Dark and unfathomable...

We are all forces of nature. And our music reflects everything we endure. One dark and unfathomable album that arrested us recently was the returning Phon.o, AKA Carsten Aermes - and he’s certainly been mirroring the light in his life. ‘Black Boulder’ has sat oblique on our stereo for weeks. Melding together plummeting shards of dark sound Phon.o’s recent musical evolutions sit somewhere along a metaphorical ley-line that stretches from early 21st Century Croydon, via recent Glaswegian escapades then zips through the heart of Berlin and beyond.

“You definitely could say it’s UK influenced,” concurs Carsten. “I think in the last few years there was a big fresh impact of music and it came more or less just from the uK. I don’t like everything but I like a lot of this post-dub stuff. I don’t like grime very much. I liked it maybe six or seven years ago when it came up but I really got sick of this wobble thing. Then I lost the focus on the uK but eventually came back to all the cool, melodic, funky and garage stuff. But I still have my roots in Berlin, so I think they combine a little bit.”

Having been influenced by the dub magnitudes of Basic Channel’s Hard Wax record shop, yet growing up alongside Modeselektor in the same ‘umfeld’ or circle of protagonists, Phon.o’s LP ‘Burn Down The Town’ on Shitkatapult etched him out as arguably one of the co-architects (of what we enjoy calling) ‘bastard dancehall’. But then after working with the more rap orientated Chris De Luca for a few years as ‘CLP’, Carsten vanished. Only to re-emerge in 2011 with the two scintillating singles on 50 Weapons ‘Slavemode’ and ‘ABAW723’, and it’s here where we sighed our reliefs.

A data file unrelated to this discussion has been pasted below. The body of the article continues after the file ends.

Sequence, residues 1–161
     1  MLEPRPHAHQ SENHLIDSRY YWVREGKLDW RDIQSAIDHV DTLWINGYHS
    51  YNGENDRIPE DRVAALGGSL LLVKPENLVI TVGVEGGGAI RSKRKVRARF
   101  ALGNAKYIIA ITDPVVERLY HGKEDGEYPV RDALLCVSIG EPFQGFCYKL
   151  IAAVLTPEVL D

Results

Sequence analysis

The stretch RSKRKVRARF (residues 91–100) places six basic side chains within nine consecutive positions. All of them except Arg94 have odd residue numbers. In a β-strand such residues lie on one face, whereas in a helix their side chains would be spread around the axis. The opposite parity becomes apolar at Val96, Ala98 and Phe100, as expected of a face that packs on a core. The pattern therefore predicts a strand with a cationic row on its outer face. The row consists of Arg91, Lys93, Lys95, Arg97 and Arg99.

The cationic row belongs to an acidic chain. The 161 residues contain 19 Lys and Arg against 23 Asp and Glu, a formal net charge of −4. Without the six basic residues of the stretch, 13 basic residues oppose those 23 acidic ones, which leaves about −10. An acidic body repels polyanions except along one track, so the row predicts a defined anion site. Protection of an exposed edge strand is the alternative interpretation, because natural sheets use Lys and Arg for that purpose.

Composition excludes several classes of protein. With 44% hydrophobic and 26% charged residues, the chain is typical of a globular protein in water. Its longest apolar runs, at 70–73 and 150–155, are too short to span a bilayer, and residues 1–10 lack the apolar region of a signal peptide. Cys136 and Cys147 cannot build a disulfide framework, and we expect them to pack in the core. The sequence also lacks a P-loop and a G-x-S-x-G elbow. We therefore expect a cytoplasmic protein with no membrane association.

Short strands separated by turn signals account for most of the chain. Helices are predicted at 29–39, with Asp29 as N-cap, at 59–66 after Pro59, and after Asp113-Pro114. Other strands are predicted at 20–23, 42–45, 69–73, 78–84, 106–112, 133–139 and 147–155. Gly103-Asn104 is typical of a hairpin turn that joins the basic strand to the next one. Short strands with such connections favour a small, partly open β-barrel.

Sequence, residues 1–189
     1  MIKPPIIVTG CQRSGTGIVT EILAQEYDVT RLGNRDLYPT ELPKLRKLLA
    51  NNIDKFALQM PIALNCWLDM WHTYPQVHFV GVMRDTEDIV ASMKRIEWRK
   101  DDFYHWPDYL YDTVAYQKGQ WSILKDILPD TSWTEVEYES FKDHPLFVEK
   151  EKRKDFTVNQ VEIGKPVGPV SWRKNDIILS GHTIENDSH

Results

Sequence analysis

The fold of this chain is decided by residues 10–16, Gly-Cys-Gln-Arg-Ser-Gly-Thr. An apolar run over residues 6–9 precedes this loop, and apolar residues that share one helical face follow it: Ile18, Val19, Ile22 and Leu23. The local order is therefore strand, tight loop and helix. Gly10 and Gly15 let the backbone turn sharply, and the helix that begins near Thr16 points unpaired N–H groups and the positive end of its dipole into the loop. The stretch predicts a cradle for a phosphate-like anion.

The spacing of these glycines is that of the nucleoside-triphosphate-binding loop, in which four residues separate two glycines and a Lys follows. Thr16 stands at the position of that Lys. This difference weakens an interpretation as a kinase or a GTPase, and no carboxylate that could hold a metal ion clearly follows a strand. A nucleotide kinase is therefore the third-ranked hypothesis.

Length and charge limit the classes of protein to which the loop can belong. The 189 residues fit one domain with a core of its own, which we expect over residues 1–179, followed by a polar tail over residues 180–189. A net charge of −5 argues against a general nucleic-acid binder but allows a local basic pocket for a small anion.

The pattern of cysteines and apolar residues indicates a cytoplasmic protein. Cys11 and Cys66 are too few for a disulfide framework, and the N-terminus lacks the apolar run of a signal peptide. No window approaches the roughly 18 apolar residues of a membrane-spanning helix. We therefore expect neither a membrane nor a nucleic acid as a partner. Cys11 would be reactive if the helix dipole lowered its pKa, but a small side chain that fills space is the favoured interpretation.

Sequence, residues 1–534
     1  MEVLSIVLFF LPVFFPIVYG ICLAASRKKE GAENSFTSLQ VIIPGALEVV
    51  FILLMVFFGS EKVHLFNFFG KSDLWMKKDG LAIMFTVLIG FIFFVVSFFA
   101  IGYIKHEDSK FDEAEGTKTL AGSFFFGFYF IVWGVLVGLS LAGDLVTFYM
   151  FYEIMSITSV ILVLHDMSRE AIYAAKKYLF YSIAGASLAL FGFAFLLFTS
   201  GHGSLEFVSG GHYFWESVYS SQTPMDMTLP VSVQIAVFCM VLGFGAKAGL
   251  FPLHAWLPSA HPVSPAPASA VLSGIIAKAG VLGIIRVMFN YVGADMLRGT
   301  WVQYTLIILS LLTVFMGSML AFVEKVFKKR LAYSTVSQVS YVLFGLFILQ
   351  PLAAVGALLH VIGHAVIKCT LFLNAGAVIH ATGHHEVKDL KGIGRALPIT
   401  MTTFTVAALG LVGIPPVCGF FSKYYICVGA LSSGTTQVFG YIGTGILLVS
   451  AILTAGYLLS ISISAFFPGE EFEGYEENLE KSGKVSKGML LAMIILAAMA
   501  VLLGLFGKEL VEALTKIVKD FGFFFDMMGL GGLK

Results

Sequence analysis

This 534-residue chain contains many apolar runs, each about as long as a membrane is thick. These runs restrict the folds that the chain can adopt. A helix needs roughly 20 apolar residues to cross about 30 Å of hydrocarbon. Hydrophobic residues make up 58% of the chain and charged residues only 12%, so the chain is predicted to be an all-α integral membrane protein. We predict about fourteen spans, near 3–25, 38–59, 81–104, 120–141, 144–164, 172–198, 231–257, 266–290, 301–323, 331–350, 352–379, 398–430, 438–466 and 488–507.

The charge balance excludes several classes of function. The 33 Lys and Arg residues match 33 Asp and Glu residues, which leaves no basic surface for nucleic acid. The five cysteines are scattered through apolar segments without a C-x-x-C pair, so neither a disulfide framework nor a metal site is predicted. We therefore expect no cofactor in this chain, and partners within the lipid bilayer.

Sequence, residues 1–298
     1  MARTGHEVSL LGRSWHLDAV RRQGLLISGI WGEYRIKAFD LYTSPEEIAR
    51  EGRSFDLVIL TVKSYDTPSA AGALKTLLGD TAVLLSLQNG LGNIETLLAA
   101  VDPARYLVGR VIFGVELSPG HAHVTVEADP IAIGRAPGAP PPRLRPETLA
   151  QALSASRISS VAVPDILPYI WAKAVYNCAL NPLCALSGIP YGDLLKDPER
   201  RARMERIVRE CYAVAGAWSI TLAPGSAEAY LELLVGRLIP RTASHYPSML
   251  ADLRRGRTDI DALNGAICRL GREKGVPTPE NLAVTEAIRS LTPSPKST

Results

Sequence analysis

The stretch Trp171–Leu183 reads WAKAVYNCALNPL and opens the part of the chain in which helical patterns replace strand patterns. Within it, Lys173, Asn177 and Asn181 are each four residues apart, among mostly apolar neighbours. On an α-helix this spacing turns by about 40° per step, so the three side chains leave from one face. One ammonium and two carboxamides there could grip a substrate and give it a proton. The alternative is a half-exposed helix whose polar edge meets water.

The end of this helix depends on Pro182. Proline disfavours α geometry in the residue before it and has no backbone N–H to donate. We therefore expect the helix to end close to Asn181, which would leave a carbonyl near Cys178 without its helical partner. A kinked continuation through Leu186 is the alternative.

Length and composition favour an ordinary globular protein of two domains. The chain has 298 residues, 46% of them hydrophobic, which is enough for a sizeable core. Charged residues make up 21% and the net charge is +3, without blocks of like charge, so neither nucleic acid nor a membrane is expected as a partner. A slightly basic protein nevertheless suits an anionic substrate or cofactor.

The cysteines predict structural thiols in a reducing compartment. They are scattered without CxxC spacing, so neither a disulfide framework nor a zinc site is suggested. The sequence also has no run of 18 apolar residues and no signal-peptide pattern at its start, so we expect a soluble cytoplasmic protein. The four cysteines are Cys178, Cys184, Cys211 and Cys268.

Now eleven complex tracks fill the void of Carsten’s recent heartbreak and consequent creative rebirth. He’s also swapped the cut and paste thrill of CLP hip-hop obsession with more soulful studio studies as Pantasz of Bodi Bill fame nails his track ‘Twilight’, whilst multi-cultural mascot Tunde Olaniran brings severe depth to the pseudo-2-step svelte of ‘Leave A Light On’.You may have already noticed a pre-occupation with light. ‘Black Boulder’ is heavy in name and nature. Recorded in the bleak Berlin winter, after the break-up with long-term lover Sandra, it’s reflective of cold introspection, long shadowy hours of technical obsession but also the rebirth of life that we endure as spring.

“I worked in autumn and winter time, so it felt like the album should be something like a rough stone,” he affirms. “I had a picture in my mind that somehow it should be something mystical and rough and raw and not really perfect build until the end. Sometimes it sounds a little melancholic but there is still a shimmer of hope or some positive things. It’s somehow melodic and dramatic…but there’s always the chance of a hope.”


This interview appears in the July 2012 issue of Clash Magazine. Find out more about the issue HERE and subscribe to Clash magazine HERE.


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